Excellent point, Rebecca. Also ++ RR and ++ Walt. DJF, our consortium has a one week expiration, too, which I assume was a sop to publishers. Had a student in a panic who assumed she only had a week to view the article, after which it would vanish (maybe had encountered vanishing public library ebook loans?) If publishers ever pull that sh!t, #icanhaspdf will no doubt find a workaround. - barbara fister
lris
Construction begins in my library today.
IMG_0889.jpg
here's hoping it's as non-loud and non-smelly as possible. and that the result is shiny, too. :) - Marianne
what are they building? - maʀtha
The writing center is moving into the library in August, so we're reconstructing most of the staff spaces on the main floor of the library to accommodate that. The temporary wall in the picture is surrounding the space that will become the writing center itself. - lris
Ooh, does that mean Carol Rutz will be moving in? (Probably not, but she's awesome.) - barbara fister
No, she runs the writing program. The writing center is a different thing run by the also-awesome Kathy Evertz. - lris
So what's moving into Scoville, then? - Lily
If I remember right, Scoville is getting emptied, renovated, and then maybe Admissions moves in? - lris
Best renovation wishes! - kaijsa
lris
Happy Birthday to LSW's own Dorothea!!!
Happy birthday :) - Pete : Team Marina from FFHound(roid)!
Many happy returns of the day! - Catherine Pellegrino
Happy Birthday!!! Next time--hoping we get to see you longer/more consciously :) - Hedgehog
Happy birthday! - Marianne
Thanks, errybody. Today my age is equal to the Ultimate Answer to Life, the Universe, and Everything. So that means I'll have it all figured out by the end of the day, right? - RepoRat
Wheee! yes, and be sure to tell us. - barbara fister
Happies! - Stephen Francoeur
Omigosh, happiest birthday to you! I hope the kitties bake you a nice cake, preferably not made out of fish - maʀtha
happy happy birthday! - Sir Shuping is just sir
Summer birthdays are the best! Happy birthday, RR! - Lily
Happy birthday! - bentley
Happy day! - Jen
Happy Birthday! - Rebecca Hedreen
Woo hoo! Happy, happy birthday! - Galadriel C. from Android
Happy birthday! - Sarah
Happy Birthday!!!!!! - Katy S from iPhone
Happy bday! - Joe
Happy birthday, Dorothea!!! - Katie
thanks, folks. Ian's Pizza has my favorite only-sometimes pizza around this month, so I raise a slice of BBFAT (black bean, feta, avocado, tomato) in your honor! - RepoRat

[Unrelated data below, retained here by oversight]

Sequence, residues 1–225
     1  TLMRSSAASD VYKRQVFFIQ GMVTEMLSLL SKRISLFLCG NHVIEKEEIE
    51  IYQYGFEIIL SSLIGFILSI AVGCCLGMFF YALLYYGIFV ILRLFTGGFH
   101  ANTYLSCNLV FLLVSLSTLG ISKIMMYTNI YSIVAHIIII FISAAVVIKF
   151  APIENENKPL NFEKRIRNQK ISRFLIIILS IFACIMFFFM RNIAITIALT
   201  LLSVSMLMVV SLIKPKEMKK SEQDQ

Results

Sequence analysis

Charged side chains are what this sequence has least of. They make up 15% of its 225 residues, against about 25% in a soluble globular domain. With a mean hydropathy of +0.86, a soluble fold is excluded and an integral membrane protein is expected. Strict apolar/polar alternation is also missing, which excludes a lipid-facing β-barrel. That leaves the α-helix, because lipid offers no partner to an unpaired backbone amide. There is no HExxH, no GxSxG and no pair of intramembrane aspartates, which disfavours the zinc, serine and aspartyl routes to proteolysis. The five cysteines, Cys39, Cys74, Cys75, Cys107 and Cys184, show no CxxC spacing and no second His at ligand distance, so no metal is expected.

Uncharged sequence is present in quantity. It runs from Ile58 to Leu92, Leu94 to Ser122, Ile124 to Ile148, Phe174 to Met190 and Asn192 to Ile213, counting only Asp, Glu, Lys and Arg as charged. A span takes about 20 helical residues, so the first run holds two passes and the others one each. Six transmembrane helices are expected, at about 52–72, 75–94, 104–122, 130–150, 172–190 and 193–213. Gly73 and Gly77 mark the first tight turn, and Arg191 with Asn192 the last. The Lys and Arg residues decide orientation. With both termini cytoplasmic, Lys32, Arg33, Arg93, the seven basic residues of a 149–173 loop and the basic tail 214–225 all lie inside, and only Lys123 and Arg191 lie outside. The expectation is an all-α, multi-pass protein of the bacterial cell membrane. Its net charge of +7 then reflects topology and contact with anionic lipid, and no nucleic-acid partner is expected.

mmmmm...Ians. Now I am fantasizing about their grilled veggie pizza and am raising an imaginary slice back to you. - Katy S
Deborah Fitchett
This is awesome - Creative Commons Aotearoa New Zealand are working on a free legal notice that Māori can use to release cultural works more openly: http://creativecommons.org.nz/2014...
How do you feel about the "protection against culturally offensive uses", compared to the problems people see with a non-commercial CC license? - Meg VMeg
It is restrictive, yes; but it's less restrictive than no open release at all. Creators need the reassurance that, say, their photo of their granny isn't going to end up on someone's Cafepress teatowels, otherwise they're not going to go anywhere near open. At the moment there's huge amounts of information that is locked up for use by the iwi itself and in many cases people would be... more... - Deborah Fitchett
(It has been a journey for me, with a natural Western bent towards "Knowledge wants to be free!", to get my head around the fact that some knowledge *doesn't* and I have no right to it. Comparing with my thoughts about privacy has been a useful benchmark/triangulation point when my brain's otherwise been tending to flail in despair.) - Deborah Fitchett
What would be the benefit of this license over registered copyright? Is copyright not strong enough? I am not at all saying that indigenous knowledge needs to be free. I'm just curious what niche this license fills. - Meg VMeg
There was a wonderful talk at Access Vancouver about work that was done at University of Washington about designing systems for managing culturally sensitive information. - DJF from Android
Like, in the US we have laws against falsely ascribing Native American ownership/creatorship (e.g., http://jezebel.com/5848715... ), so I'm wondering if this is, like, the contrapositive to that. Or something. - Meg VMeg
yes! what djf said! huge community involvement in the collections for both authentication and access. i know that ubc has adopted some of the tech for their Xwi7xwa library. - jambina
It's not that copyright isn't strong enough; it doesn't replace that at all. Everyone gets copyright. It's that *creative commons licenses* don't give/withhold the appropriate permissions when it comes to indigenous knowledge. You can say "Go ahead and use it but attribute" (CC-BY) or "Go ahead and use it but not for commercial purposes" (CC-BY-NC) or "You can't use it at all without... more... - Deborah Fitchett
An example of the challenges of Creative Commons that are simpler for us to understand is the all the CC licences also waive the creators moral rights to restrict how material may be used. So, if you CC license something, you can't stop the KKK from using it. - DJF from Android